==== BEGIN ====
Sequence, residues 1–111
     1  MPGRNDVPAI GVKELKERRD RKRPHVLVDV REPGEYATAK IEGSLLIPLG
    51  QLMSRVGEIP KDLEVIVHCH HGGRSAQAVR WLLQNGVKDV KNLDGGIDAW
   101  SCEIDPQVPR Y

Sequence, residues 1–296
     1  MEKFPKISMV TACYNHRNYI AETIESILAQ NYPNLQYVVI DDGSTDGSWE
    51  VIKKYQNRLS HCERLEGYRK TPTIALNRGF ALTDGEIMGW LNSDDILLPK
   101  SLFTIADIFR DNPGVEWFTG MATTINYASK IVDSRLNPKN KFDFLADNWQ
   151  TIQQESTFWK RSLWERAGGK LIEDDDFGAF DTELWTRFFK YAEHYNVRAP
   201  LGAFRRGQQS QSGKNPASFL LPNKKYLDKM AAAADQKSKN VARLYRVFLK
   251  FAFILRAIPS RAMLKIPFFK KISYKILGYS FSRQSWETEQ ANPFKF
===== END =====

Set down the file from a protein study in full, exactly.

Sequence, residues 1–111
     1  MPGRNDVPAI GVKELKERRD RKRPHVLVDV REPGEYATAK IEGSLLIPLG
    51  QLMSRVGEIP KDLEVIVHCH HGGRSAQAVR WLLQNGVKDV KNLDGGIDAW
   101  SCEIDPQVPR Y

Sequence, residues 1–296
     1  MEKFPKISMV TACYNHRNYI AETIESILAQ NYPNLQYVVI DDGSTDGSWE
    51  VIKKYQNRLS HCERLEGYRK TPTIALNRGF ALTDGEIMGW LNSDDILLPK
   101  SLFTIADIFR DNPGVEWFTG MATTINYASK IVDSRLNPKN KFDFLADNWQ
   151  TIQQESTFWK RSLWERAGGK LIEDDDFGAF DTELWTRFFK YAEHYNVRAP
   201  LGAFRRGQQS QSGKNPASFL LPNKKYLDKM AAAADQKSKN VARLYRVFLK
   251  FAFILRAIPS RAMLKIPFFK KISYKILGYS FSRQSWETEQ ANPFKF